Something which I would be keen to see happen in the future is festival programmers all working together to co-produce audiovisuals shows – especially as there isn’t a great deal of funding for this new art form, especially here in the UK. Producing such shows can very expensive, especially when you are using new technologies and so on, and this would also help with touring the show in a few countries.
Silvia Bianchi & Marco Mancuso: What’s your opinion about the future of the audio-visual forms of expression, about the performances and the installations inside the festival world, museums of contemporary art but even in commercial circuits, such as Cinema and Design? During Optronica we got in touch with several artists, testers that work in that directions, others that produce at the borders of art, design, music and communication. I think this short-circuit is a strong and powerful element now, isn’t it?
Francoise Lamy: I think it’s clear where this is all going. I think this whole art form will become more mainstream in the future. It’s whole style will begin to influence traditional film and television – particularly advertising; and that’s already begun. But of course it will still remain an art form in it’s own right, working perfectly in galleries and art museums with some artists working in both the art and the commercial worlds. And right here, right now, it’s very exciting to see at Optronica artists with such eclectic and very different backgrounds all heading in the same direction; for example artists like Trevor Jackson who’s a musician and designer, Peter Greenway who’s a film director, Addictive TV who are DJs and VJs but also television producers, Charles Atlas who’s a video artist and ReacTable who are software programmers and musicians all crossing and blurring the borders that you describe between art, music and communication to find themselves all in the live cinema and AV field.
We talk with Addictive TV , creators of the festival, after Optronica to better understand how did they get there.
Silvia Bianchi & Marco Mancuso:
What attracts you to working in the live audiovisual realm? Can you say a little bit about your background and how it lead you to this point?
Addictive Tv: It’s the whole concept around the integration of music and images that attracts us to this field. Images are incredibly powerful and can bring out so much more in music. We’ve all got eyes as well as ears, and by being an extension of the audio, the video aspect of visual-music can really help create an amazing response, much more than music can alone. Images always add an extra dimension – why did the likes of the Lumiere brothers or John Logie Baird pioneer film and television and not just be content with radio or gramophones?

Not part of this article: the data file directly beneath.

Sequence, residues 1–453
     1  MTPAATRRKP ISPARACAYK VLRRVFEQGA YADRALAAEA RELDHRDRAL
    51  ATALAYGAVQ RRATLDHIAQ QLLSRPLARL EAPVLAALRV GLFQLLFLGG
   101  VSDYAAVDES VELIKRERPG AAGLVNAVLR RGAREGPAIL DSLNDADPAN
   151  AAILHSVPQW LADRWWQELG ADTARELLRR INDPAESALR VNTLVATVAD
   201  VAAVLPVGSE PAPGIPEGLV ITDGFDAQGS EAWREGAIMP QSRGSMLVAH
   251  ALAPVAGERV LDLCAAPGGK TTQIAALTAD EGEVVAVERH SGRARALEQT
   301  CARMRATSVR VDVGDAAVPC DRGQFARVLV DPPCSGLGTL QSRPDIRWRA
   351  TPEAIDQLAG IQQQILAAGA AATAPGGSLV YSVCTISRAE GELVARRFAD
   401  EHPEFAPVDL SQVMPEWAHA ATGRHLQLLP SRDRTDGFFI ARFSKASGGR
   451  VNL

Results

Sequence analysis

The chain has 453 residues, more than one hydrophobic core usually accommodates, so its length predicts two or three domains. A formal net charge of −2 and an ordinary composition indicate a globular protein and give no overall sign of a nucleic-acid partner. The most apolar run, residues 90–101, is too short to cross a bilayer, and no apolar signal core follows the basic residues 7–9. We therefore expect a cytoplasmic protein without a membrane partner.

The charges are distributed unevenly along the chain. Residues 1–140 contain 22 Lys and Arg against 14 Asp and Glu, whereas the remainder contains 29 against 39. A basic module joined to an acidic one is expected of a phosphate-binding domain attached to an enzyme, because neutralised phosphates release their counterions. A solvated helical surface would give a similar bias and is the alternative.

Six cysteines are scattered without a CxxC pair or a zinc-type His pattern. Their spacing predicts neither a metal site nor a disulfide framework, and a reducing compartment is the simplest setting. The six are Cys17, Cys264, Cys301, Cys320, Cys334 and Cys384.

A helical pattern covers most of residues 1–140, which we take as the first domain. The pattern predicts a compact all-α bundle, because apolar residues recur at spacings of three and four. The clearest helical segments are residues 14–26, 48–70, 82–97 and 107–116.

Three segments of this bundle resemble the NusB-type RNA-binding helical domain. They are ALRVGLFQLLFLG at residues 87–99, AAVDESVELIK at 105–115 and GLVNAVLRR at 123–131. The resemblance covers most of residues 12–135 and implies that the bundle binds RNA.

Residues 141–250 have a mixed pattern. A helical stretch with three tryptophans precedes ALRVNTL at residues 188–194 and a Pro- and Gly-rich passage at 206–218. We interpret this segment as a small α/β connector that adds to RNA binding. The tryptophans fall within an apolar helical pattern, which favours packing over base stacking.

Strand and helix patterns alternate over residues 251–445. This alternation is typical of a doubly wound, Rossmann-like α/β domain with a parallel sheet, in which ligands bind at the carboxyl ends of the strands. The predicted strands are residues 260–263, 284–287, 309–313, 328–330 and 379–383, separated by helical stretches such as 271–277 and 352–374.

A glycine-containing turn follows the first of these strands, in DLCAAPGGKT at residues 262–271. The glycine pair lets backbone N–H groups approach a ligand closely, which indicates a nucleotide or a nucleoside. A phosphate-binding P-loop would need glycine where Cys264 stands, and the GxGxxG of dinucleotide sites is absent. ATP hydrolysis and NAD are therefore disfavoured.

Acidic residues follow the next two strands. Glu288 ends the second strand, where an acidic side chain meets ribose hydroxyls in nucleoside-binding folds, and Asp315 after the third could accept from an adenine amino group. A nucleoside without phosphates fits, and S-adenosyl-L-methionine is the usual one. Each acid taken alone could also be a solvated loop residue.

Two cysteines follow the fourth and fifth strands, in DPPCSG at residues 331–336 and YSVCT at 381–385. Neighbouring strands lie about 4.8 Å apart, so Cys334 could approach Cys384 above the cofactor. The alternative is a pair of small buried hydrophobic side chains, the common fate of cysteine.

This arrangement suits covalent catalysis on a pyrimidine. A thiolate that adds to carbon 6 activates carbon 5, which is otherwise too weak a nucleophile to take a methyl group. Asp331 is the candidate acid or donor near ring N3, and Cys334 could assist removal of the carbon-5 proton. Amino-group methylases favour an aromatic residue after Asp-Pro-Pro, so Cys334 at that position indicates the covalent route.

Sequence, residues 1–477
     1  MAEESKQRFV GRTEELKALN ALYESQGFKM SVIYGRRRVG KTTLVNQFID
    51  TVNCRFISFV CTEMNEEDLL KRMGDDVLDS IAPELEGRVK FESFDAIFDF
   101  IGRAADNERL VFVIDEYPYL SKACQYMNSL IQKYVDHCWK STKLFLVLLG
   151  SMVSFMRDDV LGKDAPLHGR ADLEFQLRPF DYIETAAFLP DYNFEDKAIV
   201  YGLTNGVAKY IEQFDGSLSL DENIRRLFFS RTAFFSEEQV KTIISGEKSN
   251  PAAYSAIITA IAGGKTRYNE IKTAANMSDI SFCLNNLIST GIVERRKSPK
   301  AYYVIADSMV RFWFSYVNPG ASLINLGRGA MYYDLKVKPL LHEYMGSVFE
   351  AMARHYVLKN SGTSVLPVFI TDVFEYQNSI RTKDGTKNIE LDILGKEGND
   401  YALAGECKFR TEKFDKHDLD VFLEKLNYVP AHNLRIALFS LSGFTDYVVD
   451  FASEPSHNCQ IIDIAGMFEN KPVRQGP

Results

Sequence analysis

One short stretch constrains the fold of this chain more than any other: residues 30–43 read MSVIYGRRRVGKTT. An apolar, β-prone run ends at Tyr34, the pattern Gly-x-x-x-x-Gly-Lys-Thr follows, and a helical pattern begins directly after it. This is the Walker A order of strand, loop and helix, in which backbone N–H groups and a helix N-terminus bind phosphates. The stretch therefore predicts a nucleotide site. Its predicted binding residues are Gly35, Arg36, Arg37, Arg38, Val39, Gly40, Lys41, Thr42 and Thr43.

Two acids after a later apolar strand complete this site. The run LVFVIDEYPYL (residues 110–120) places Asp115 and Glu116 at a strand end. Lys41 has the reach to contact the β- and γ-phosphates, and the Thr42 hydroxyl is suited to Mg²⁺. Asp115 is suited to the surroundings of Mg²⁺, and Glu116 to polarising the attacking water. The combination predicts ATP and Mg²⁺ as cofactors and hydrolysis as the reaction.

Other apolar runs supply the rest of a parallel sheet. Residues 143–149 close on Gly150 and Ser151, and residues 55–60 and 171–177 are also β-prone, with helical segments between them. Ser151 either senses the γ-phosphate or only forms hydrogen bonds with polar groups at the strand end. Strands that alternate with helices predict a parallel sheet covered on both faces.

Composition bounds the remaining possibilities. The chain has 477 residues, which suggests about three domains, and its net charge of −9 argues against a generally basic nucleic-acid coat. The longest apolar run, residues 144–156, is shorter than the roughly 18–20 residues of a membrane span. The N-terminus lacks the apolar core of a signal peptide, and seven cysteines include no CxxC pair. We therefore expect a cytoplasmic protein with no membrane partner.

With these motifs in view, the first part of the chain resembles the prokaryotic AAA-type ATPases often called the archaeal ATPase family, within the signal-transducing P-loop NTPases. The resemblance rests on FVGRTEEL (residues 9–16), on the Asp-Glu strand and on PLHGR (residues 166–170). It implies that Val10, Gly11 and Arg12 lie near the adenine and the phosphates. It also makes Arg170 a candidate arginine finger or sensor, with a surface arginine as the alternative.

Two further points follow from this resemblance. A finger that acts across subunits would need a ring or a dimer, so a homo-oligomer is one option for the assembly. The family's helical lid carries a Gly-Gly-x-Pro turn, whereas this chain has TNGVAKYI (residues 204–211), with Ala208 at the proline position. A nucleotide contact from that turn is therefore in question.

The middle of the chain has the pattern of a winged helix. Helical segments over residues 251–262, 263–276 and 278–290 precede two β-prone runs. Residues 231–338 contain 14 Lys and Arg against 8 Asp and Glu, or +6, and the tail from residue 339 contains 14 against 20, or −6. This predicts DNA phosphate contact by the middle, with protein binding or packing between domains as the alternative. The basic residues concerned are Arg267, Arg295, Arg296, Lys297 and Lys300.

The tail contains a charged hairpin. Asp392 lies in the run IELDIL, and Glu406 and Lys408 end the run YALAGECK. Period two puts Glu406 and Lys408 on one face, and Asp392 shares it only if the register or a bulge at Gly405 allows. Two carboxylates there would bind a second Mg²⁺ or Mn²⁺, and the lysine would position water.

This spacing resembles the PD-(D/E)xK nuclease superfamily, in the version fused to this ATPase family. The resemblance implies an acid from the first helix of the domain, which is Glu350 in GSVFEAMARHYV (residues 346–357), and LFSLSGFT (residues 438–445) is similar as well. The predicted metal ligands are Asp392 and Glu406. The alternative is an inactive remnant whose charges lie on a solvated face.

Both our backgrounds (Tolly & Graham) are very different; Graham coming from a film & television production history and Tolly’s from being a composer turned DJ/producer. We met during the production of Addictive TV’s visual-music series for Channel 4 called Transambient, Graham was producer of the project and already a VJ in clubland at that point and Tolly wrote music for the show. From there we began to work together more and more, like on DVD projects including Spaced Out and later ITV1′s Mixmasters music series and also developing our live show to become more audiovisual, rather than simply VJ based. The more work we created, the more offers came in to remix films, promos and perform live.
Silvia Bianchi & Marco Mancuso: Can you tell us a bit more about your performance at Optronica? Do you use any modified technology or software in your set-up? What do you think of the advances of AV technology in the last decade and how has it impacted on your art?
Addictive Tv: We’ll be performing a special World Cinema remix set, unveiling new work like an official remix of the forthcoming Japanese anime movie Tekkon Kinkreet. We’re going to start the set though with a special commissioned remix of 70′s gangster flick Get Carter we recently created for the Northern Lights Film Festival in Newcastle where the film was set – we haven’t performed this anywhere else yet. Yes, as well as laptops, we do use modified technology, which we’ve had customised – such as our audiovisual mixer – but we also use brand new technology which isn’t widely available yet too, such as the new second generation Pioneer DVJ-1000 DVD turntables which we’ve helped develop with Pioneer.
AV performance technology has moved on massively in the last ten years, from working with kit that wasn’t designed for performance use – like old television mixers and laser-discs to editing on giant tape-machine-to-tape-machine edit suites. Now, a decade later, thankfully we have powerful laptops and dedicated equipment for AV performance, like DVD turntables and visual synthesizers. The scene has developed to the point where manufacturers feel it’s now worth entering with specific kit for this field.
Silvia Bianchi & Marco Mancuso: Why do you think it’s important for festivals like Optronica to happen?
Addictive Tv: Despite the long history of being on the artistic back burner, this is definitely a new movement now – perhaps the first real movement of the early 21st century – and hardly anyone in the UK , let alone the world, is providing a platform for it. We are now though starting to see events like this slowly spring up all over the planet, let’s hope it continues…!